Q: How did you first become interested in driving or racing?
A: My first experience in a race car was a ride along at Daytona with the Richard Petty Experience. That same weekend my father was going for his Sports Car Club of America (SCCA) license. I remember approaching my dad at one point before a session on the track saying, “So what exactly are you doing getting your race license when we don’t have a race car?” He said, “Well, I don’t know what, do you think about it?” He knew exactly what I would say. “I WANT TO DO IT!” Racing became a family hobby that day.
Q: How did you turn that dream into a reality?
A: I was lucky to quickly begin excelling in the motorsports world through high performance driving events all throughout Florida. I then went on to obtain my SCCA license and since then I’ve have been road racing competitively all over the nation with many organizations, from sprint races to 25 hour enduros. A lot of people ask me “Why was I so quick to turn in the water skis for a racing?” I loved water skiing and skiing helped shape the person I am today, but racing became my passion. Once I realized that racing for me was much more than a hobby, things all of a sudden became much more serious. I knew what I wanted to do, become a professional race car driver.
Q: Describe your very first race and/or your most exciting driving experience whether is was a race or not.
A: In 2008 I drove in my first intense endurance race, the 25 Hours of ThunderHill. I was more pumped up than ever! So many family members and friends came together to help sponsor the race. I remember thinking to myself if this was anything like what the pro’s would be like I WANTED MORE! But one other experience has just put it over the top. Getting the chance to go through Lyn St James “Women in the Winners Circle” Foundation will be most memorable and so far my greatest accomplishment. Later in my career I can look back and think, “Hey, I’m one of Lyn’s girls and not to mention it will be documented forever!”
Q: Who were your influences? Your heroes? And how did that inspire you to choose driving as a pursuit?
A: I know how cliché this sounds but my parents are my heroes. My mom is my biggest fan and always supports everything I do. My dad is my motivator and he makes me strive to be better. I kind of grew up as my dad’s son (so to speak) and just as a son doesn’t want to let his dad down, I just as much don’t want to let him down either. There’s so many people that have influenced and inspired me throughout my life and there’s nothing better than finding someone that believes in you and your dreams… supportiveness is sometimes the best sponsorship.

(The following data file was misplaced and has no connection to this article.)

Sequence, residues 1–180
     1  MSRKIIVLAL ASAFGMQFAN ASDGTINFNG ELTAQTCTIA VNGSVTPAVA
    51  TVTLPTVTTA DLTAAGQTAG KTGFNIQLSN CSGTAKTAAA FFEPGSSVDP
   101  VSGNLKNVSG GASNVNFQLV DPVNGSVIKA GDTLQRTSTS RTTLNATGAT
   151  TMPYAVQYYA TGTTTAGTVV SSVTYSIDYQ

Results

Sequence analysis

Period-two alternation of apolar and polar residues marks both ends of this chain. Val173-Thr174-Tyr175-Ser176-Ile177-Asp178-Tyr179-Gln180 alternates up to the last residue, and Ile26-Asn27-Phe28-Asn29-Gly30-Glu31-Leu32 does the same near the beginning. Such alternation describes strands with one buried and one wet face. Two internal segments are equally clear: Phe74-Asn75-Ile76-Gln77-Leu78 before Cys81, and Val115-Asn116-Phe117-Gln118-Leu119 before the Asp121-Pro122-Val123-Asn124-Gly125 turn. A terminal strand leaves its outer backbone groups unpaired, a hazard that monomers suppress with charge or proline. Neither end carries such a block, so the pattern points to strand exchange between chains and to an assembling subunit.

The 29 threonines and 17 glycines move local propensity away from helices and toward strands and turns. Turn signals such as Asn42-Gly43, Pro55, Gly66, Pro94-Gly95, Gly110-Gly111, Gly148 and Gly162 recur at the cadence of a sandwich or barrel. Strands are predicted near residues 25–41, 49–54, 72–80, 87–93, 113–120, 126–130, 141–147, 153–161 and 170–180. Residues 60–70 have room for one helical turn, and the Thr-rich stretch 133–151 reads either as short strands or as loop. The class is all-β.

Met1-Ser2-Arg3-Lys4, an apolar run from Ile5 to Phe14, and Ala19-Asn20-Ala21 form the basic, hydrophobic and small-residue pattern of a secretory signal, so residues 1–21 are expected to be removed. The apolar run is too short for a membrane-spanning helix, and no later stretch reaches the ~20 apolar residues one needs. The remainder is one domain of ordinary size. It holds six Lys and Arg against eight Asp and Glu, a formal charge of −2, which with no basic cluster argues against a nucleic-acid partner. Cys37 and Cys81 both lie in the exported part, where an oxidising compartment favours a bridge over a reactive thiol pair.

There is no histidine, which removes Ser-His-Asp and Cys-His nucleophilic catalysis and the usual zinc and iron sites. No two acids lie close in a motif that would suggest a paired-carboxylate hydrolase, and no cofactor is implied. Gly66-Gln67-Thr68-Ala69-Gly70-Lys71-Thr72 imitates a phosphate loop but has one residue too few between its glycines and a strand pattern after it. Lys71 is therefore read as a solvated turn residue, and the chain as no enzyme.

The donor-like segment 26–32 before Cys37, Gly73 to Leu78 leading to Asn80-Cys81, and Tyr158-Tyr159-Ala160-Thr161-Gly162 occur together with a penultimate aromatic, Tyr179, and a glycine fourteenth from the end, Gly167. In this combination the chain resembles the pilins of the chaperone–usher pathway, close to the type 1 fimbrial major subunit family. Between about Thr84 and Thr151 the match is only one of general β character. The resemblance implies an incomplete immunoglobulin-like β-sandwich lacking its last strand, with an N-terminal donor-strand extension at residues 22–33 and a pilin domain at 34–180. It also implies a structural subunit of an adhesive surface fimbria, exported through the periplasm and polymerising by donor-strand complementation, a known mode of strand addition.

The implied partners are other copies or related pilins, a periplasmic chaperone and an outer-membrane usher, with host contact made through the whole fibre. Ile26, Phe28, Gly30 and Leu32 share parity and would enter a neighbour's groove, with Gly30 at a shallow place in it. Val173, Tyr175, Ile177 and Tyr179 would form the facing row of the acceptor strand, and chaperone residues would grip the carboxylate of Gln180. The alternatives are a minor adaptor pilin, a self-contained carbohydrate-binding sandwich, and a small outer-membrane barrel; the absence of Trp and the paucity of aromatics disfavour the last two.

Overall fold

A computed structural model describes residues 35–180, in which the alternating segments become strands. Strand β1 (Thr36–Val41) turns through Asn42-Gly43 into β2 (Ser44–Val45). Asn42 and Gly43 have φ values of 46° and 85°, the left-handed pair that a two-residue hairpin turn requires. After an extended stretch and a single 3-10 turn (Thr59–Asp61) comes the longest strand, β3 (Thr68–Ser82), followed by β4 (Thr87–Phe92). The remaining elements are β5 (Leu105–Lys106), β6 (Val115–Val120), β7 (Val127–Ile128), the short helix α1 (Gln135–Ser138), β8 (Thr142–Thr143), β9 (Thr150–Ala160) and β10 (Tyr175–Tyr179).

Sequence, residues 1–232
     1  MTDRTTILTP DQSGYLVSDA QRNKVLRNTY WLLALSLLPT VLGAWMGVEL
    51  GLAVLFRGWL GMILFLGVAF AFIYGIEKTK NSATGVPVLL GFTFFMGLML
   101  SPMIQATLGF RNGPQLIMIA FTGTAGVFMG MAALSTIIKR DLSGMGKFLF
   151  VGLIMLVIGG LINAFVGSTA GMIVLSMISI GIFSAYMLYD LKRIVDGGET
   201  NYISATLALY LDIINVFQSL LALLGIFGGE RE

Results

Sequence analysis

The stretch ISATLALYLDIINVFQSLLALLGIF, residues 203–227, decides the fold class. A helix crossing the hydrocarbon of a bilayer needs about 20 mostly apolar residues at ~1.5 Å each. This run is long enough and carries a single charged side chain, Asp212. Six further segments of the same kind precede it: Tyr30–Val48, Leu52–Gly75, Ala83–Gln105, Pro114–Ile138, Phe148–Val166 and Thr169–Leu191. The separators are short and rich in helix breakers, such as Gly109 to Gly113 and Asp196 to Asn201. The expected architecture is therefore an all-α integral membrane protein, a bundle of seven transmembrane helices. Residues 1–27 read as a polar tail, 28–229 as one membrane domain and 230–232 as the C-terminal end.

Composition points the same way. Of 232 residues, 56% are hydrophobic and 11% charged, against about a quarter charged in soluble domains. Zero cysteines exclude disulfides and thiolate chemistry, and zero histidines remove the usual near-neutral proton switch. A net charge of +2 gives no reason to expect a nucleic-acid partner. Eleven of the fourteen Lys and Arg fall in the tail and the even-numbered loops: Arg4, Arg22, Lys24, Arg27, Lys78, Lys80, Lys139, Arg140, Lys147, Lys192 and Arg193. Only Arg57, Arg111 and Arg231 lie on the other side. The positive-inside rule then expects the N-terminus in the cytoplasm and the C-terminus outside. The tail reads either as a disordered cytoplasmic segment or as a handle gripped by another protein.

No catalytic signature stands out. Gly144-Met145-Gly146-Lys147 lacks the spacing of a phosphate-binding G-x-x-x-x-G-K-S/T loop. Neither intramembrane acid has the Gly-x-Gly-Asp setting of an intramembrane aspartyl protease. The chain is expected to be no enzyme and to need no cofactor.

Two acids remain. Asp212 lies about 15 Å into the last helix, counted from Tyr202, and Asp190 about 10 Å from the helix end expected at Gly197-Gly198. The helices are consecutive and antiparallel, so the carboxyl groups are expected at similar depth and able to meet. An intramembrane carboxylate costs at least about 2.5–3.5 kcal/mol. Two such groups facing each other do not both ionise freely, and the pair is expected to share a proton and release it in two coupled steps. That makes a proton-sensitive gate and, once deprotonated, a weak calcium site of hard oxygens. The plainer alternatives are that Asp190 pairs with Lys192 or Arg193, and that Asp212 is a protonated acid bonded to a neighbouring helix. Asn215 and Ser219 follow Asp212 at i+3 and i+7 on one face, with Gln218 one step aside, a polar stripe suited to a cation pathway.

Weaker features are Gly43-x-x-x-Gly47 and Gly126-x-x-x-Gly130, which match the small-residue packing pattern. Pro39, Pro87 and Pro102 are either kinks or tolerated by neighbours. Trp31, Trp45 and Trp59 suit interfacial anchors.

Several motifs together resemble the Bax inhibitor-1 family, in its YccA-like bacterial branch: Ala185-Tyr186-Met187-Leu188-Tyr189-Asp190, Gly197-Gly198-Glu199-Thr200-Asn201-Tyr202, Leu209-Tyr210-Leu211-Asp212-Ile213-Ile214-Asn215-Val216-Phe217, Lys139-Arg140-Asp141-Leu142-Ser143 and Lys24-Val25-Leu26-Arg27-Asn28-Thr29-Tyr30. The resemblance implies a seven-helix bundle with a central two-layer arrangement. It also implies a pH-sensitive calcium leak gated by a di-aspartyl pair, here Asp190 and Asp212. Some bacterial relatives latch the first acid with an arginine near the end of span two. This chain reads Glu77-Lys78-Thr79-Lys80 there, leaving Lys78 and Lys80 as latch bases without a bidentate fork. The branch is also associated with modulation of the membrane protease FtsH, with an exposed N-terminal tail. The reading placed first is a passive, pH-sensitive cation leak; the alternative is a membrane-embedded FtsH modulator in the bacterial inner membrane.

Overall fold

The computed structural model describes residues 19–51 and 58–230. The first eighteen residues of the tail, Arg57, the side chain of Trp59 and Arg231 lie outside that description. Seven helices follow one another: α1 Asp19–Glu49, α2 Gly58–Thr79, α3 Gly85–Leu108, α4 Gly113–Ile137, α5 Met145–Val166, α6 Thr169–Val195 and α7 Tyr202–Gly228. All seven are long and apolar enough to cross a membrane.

Q: Tips/techniques: what are some of the things you have learned and how did you come to learn them?
A: In the beginning of my racing career Skip Barber instruction greatly helped improve my driving at a fast rate. After every practice the drivers and instructors have a download session. Not one but every instructor told me if I following where my eyes are looking right now, I’ll be in trouble when I really get up to speed. Such a simple tip but so many forget at times is to keep your eyes ahead. If you’re watching the car ahead of you smack the wall you just might end up having an encounter with it too.
Q: What are your dreams and future aspirations as relate to driving or racing?
A: I never would have thought being the rookie in World Challenge would feel so great in professional racing! This year I’m focused to enhance my knowledge and race craft in the sport. My goal is to have a strong rookie season and finishing races. I understand the power of partnership in motorsports and look forward to establishing new ones and furthering current relationships. My ultimate goal and dream is to be a professional driver road racing. I’m a strong believer in “do good and good will come to you.” Entering into my first professional race isn’t just about me. Shea Racing together with Parent Project Muscular Dystrophy established a fundraiser in benefit of Duchenne Muscular Dystrophy. Duchenne is something I’m passionate about because it affects my own family. Matthew (1989-2008) and Jordan are my cousins and are affected by the disease. (Duchenne is one of the only fatal MD’s and it’s very rare that you live past 21 years old.) I feel like I’m in a position where I can really do greatness and raise awareness and dollars to END Duchenne.
Q: What obstacles have you had to overcome?
A: Other determined drivers might read this and feel exactly how I feel. Trying to find funding can be one of the greatest obstacles! Finding partners is an everyday job for me. To find someone that’s willing to invest in your dream and even see it as a business opportunity can be difficult. But like so many other sports if you want it bad enough you’ll try as hard as you have to too succeed.
Q: What are the unique challenges that you feel women face in what is considered predominately a male sport?
A: I’d say the biggest challenge would be the natural car knowledge that most men already have. For me it’s been a learn process and I’m continually learning. But I love what I’m doing and hopefully will advance the sport in different venues. I can’t complain, life is pretty awesome.
Q: What advice would you give to a female driver of any age who wants to pursue driving as a hobby or a serious sport?
A: To believe in yourself. If you think you can’t, you won’t. If you think you can, you will.
Q: How would you sum up what driving has meant to you?
A: Being the driver is just one aspect of the dream. I hope to have done something really memorable when I retire someday. I hope to give back in a big way utilizing my racing career. And I hope to have become a role model for a young female driver. Racing has helped me develop into a young business woman. And every time I sit in the race seat and grip the wheel I really feel like I’ve found my place, as a race car driver.